Moving on, a piece of blackthroat sea perch swam to our plates, with a special dash of truffle salt to accent the fish’s flavor. That was followed up with burdock root, a staple in Japanese cuisine but not so much in tempura; we were advised to eat it with salt. After that was the sea bream, yet another piece of fish, and the first thing of the night to warrant the oroshi and tempura sauce.


U.F.O.: Unidentifiable Fried Objects

At this point during the meal, we were given tempura of a vegetable that the chef called “jiāobáisǔn (茭白筍),” which we didn’t recognize in any language, but I figured was some type of rare bamboo shoot. It wasn’t until much later that I tried looking up that Chinese name, which turned up the scientific name Zizania latifolia, as well as a plethora of English names such as “water bamboo,” “water rice,” “water oat,” and many more. It turns out that the Japanese name for this vegetable is makomo (真菰), and I’m not even sure if the chef said that. Anyhow, the chef did instruct us to eat this veggie with either salt or tempura sauce; with three pieces per diner, we had fun mixing and matching flavors.

Next up was a fish named sillago in English, or kisu (鱚) in Japanese, a rather cute moniker for such a petite piscine portion. We were instructed to eat one with salt and the other with tempura sauce, both of which were scrumptious! From this point on, the tempura items got more and more recognizable, which meant we were not as reliant on the chef’s descriptions as we were before. The sillago were followed by the hen-of-the-woods mushroom, also known in Japanese as maitake (舞茸), which were to be consumed with salt, just like with the matsutake, but this time without sudachi juice.

The tempura that came after was a fish called tachiuo (太刀魚 – “longsword fish”) in Japanese, but called either cutlassfish or scabbardfish in English. Just like there’s a choice to how one calls it, there were also two recommended choices of dip: salt or tempura sauce. Since there was only one piece, I dipped each end in a different flavor and finished the fish in two bites. After that was the all-too-familiar lotus root tempura, whose recommended pairings were the same as those for the cutlassfish.


The last entry in a parade of tempura was the conger eel, appropriately saved for last considering its renown in Hiroshima Prefecture. It was served in four pieces due to its length, and was the only item to eaten with curry powder, much to my dismay. Every bite was as good as Hiroshima conger eel ought to be!

Finishing the Feast

To wrap up the dinner, the last thing before dessert was the rice bowl, and there were three choices available, all of which featured tempura. The first choice was a kaki-age donburi, which was a kaki-age (a fried disc of scattered veggies and seafood) on a bowl of rice, and can be found in many Japanese diners. Our second option was a more uncommon dish called a kaki-age hogushi, which was essentially the same as the first, except that the kaki-age was crumbled up and mixed into the bowl of rice. Finally, there was the choice of a kaki-age tencha, which was basically ochazuke (rice with toppings doused with green tea) but with a whole kaki-age on top, which was also a unique recipe. The former two came with a bowl of red miso soup, whereas the latter, already being a soup, simply included wasabi.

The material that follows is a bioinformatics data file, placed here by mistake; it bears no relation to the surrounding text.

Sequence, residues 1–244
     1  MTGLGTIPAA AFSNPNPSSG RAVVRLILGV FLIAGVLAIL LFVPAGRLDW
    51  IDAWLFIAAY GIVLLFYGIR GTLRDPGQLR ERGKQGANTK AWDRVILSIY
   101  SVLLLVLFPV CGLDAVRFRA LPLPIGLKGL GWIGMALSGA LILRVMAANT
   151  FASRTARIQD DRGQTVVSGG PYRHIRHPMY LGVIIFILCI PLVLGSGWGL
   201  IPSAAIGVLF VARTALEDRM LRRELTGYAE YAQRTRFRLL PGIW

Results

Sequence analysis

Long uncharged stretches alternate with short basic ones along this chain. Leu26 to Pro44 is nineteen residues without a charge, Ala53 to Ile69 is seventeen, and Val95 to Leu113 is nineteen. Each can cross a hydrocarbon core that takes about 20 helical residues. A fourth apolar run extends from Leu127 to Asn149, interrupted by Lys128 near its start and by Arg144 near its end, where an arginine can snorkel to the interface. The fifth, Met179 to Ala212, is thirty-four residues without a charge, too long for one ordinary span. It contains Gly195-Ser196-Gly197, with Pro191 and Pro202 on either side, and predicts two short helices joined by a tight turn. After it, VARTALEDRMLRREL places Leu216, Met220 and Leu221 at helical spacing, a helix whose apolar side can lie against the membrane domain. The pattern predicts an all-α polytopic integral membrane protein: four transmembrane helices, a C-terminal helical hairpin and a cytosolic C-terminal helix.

Because we were exactly a party of three, we decided to each order a different bowl in order to see what all the options looked like. The donburi is pictured in the top left, the hogushi the top right, and the tencha (my choice) below.

All the rice dishes came with a dish of Japanese pickles and a bottle of soy sauce to adjust the taste of the otherwise mild pickles. This last bit of carbs hit the spot and provided a fitting end to our course meal.

In spite of all of the above food, there was still room in our separate stomachs (別腹 – べつばら) for dessert, which Tenkou delivered in three forms: vanilla ice cream, fresh fruit, and mizuyokan (水羊羹), a gelatinous, rectangular dessert made from azuki beans. Once again, each of us got a different type of dessert so we could see and taste all the options, but honestly, only the mizuyokan was photogenic. The ice cream was just a single scoop in a simple dish and the fruit was literally three black grapes on a plate, but the mizuyokan and the utensil used to eat it actually looked quite presentable. Each dessert came with piping hot green tea in cups of various designs; mine had a poem of some sort painted on the inside before it was fired. While we munched on our post-meal sweets, the final bill, which included our drink orders (we ordered quite a bit of alcohol with our food) on top of the course, arrived at the counter for us to confirm. Once we finished our dessert and saw that everything checked out price-wise, we paid (expensive places like this take credit cards, thankfully), gathered our belongings, and left as they bowed and saw us off.


Pretty much every single item that night was photogenic, and stopping to photograph the food before eating every single time made for a busy meal of multitasking. However, the constant learning that happened during the photoshoot was entertaining, and both the presentation and taste of the tempura warrant at least one—if not two—Michelin stars, even if Tenkou no longer has the aforementioned stars. Stars or no stars, though, the flagship store is beloved by locals and constantly touted by travel guides and publications, cementing its reputation for providing the best tempura in town. International tourists—and just about anyone else for that matter—hankering for some deep-fried fine dining will for sure be satisfied by the beautiful, educational, filling, and multilingual experience that Tempura Tenkou’s flagship store has to offer in the heart of Hiroshima City.

Written by the Joy in Hiroshima Team